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Author Topic: Practice -- plentiful or perfect?  (Read 636 times)
phoenix13
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« on: July 08, 2013, 06:00:46 PM »

Which is better?  A short, targeted practice session with perfect technique, or hours and hours of perhaps imperfect drills?  Or do both have a place in your practice repertoire?  Why?
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Dona nobis pacem.
millitiz
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« Reply #1 on: July 08, 2013, 09:32:58 PM »

How about both perfect and plentiful? Grin
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elisedance
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« Reply #2 on: July 08, 2013, 09:33:35 PM »

MZ nails it...

NEXT TOPIC EVERYONE!
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The limit of your love is also the limit of your art...
phoenix13
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« Reply #3 on: July 08, 2013, 10:48:13 PM »

Okay.  Then you guys brainstorm for topics while you're working your weekend job and I'll take a break.  Wink


My view is that perfect practice makes perfect.  meaning take the time to learn what you should be practicing and how.  that will help with targeted practice and minimize the time spent reinforcing bad habits.

BUT if you wait until you know how to do it perfectly in order to practice, you'll never practice.  And practice is where muscle memory comes from, where reinforcement of good habits comes from, etc.

I think there needs to be a balance. Cool
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Dona nobis pacem.
elisedance
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« Reply #4 on: July 09, 2013, 05:04:06 AM »

Okay.  Then you guys brainstorm for topics while you're working your weekend job and I'll take a break.  Wink


My view is that perfect practice makes perfect.  meaning take the time to learn what you should be practicing and how.  that will help with targeted practice and minimize the time spent reinforcing bad habits.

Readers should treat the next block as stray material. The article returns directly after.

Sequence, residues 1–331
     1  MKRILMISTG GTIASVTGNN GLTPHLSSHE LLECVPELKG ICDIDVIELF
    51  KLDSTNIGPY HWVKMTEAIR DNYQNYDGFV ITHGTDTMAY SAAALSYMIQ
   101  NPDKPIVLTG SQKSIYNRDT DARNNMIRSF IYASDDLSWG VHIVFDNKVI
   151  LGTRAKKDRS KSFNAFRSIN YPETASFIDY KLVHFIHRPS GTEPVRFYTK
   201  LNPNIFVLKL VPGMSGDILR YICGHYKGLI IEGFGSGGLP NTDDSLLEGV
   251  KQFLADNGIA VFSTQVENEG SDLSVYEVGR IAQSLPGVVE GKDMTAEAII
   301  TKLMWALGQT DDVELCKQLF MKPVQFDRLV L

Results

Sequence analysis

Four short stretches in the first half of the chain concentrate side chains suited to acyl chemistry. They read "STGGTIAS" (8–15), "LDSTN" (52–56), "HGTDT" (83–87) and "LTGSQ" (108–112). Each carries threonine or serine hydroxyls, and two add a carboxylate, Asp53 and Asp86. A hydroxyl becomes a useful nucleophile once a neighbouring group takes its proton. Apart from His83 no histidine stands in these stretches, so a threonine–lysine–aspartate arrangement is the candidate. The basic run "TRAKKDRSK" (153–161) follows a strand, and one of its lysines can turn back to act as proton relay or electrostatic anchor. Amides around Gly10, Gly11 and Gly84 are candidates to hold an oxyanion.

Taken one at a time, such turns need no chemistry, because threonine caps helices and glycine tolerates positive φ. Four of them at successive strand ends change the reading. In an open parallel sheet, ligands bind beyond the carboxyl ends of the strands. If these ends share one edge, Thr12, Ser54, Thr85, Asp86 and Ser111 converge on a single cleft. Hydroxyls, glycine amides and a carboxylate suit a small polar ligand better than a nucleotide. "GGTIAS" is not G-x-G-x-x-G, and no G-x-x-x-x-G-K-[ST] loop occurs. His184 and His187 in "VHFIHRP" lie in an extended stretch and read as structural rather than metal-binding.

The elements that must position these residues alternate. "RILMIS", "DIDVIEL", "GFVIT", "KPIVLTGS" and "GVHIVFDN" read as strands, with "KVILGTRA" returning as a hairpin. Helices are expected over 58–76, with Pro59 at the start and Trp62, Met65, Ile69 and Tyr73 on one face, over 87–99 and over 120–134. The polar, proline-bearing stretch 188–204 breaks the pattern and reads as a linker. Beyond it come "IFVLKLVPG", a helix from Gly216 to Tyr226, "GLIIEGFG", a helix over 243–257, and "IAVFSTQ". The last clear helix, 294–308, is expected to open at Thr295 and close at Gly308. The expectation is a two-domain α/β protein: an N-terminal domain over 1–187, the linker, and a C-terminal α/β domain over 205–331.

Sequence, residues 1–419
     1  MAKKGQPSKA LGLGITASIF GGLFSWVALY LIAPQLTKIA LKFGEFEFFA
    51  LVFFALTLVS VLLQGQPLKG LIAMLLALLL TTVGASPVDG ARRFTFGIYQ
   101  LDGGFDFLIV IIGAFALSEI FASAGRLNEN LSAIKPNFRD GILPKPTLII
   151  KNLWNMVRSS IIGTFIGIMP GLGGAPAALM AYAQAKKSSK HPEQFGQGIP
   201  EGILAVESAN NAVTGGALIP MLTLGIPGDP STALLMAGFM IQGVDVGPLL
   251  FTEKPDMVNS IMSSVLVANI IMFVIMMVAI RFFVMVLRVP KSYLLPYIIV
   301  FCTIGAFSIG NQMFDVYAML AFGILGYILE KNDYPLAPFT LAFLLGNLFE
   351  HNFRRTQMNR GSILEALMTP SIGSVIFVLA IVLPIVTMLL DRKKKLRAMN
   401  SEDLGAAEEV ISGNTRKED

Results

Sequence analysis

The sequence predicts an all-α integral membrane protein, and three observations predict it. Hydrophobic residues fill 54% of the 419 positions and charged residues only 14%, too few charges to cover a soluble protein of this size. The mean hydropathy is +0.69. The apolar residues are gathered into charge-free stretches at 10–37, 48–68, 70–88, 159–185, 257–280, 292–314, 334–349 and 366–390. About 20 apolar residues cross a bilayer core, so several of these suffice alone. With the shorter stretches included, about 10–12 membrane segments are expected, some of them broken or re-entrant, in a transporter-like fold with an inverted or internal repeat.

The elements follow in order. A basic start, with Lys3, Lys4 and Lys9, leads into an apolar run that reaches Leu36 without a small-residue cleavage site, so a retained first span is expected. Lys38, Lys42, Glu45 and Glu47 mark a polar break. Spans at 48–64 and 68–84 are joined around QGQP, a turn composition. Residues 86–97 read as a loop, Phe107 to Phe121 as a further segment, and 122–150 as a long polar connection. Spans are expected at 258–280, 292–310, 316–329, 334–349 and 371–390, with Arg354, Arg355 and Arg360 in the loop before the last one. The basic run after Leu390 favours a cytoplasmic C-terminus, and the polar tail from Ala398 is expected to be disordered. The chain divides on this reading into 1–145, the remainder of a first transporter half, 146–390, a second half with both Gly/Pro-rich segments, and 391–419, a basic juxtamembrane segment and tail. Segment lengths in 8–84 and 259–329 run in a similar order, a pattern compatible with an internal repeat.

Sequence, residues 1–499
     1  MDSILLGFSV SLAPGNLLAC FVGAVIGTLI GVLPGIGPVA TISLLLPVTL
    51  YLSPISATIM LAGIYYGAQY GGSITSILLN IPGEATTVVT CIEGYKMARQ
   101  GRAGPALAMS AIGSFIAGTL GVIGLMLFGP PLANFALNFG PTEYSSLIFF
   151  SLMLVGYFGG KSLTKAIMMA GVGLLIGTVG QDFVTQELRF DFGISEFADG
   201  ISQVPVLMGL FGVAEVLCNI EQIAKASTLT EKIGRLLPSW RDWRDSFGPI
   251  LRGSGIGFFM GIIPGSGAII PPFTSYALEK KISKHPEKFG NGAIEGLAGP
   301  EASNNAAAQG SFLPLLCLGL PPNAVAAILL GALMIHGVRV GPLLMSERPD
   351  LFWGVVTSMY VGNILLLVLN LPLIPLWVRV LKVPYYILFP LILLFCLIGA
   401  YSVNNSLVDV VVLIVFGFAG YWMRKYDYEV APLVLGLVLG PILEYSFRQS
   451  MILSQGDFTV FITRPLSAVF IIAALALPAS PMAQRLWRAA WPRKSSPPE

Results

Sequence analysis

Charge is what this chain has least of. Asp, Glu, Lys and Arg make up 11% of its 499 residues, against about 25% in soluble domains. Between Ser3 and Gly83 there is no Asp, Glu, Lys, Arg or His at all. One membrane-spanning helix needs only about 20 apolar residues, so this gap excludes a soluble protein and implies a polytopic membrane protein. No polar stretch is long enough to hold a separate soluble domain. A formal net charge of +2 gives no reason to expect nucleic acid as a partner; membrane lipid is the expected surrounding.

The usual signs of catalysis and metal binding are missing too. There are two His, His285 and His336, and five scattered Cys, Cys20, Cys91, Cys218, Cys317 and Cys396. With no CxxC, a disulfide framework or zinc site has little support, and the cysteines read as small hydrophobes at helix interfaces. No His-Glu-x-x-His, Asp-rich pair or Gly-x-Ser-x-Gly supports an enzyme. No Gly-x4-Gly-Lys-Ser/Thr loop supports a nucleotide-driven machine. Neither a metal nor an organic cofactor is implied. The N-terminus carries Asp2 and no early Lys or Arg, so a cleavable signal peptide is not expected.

BUT if you wait until you know how to do it perfectly in order to practice, you'll never practice.  And practice is where muscle memory comes from, where reinforcement of good habits comes from, etc.

I think there needs to be a balance. Cool
and one needs to realize that if you practise it wrong, you will have three time the work to fix it - unlearning (which is twice as hard as learning) and then relearning...
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If you must leave the house, go build a home...

The limit of your love is also the limit of your art...
millitiz
Intermediate Bronze

Posts: 220


« Reply #5 on: July 09, 2013, 05:23:44 AM »

okok, I meant to reply earlier, then work stuffs got into my way, the next time I notice it, it is 8 hrs later...

I agree with you, p13.

I think it also depends on other variables. For instance, if you have a much higher lesson practice ratio (let's say 4 hrs of practice per 1 hr lesson), you might as well just practice it - even if you are making mistakes (i.e. not perfect), your coach would easily notice them before becoming muscle memories. So in that case, one could "just do it."

To think about it, I guess I'll put myself in "just do it" camp - or so I hope. My take is that - if you don't do anything, you get nowhere. If you do something, you at least would get somewhere, even if you are going on the wrong direction. And even doing bad things might not be a bad thing - some people learn through negative experience, and sometimes, the "wrong way" might be a necessary evil. Even if the "wrong way" would damage your body, assuming that you would take another lesson soon, these damage should be minimal.

Also, it is more realistic. You don't stop at the middle of a competition/social dance just because you make some mistakes. By practicing "just do it," you would hardwire your brain to push your body through difficulties.

From my personal experience, I used to dance at the ratio of 1:20~40 (lesson:practice), and just about everything is reversible.

I just remember a few things - my last partner used to be really mad at me, since I would dance maybe a few bars and stop (because something went wrong). Tongue, ok, maybe I am not really in "just do it" camp, after all.
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phoenix13
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« Reply #6 on: July 09, 2013, 05:34:22 AM »

Cool conversation.  Pondering my replies.   Smiley
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Dona nobis pacem.
phoenix13
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« Reply #7 on: July 09, 2013, 05:47:49 AM »

Okay.  Just one other thing to throw into the mix, while I'm thinking about what's already been posted.

I think that this is where a good teacher or coach can be invaluable.  They can not only suggest or assign what you should practice, they can also teach you how to practice, so as to minimize reinforcing bad habits.

That's part of the reason why i think it's important to have a high enough level coach that he/she is able to deconstruct dance concepts to its component parts and teach them in a way that students are capable of grasping them.

But, even if you're not yet ready to practice the cutting edge thing you just saw for the first time at today's lesson, I think there's a lot to be said for getting off your duff and practicing something.
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Dona nobis pacem.
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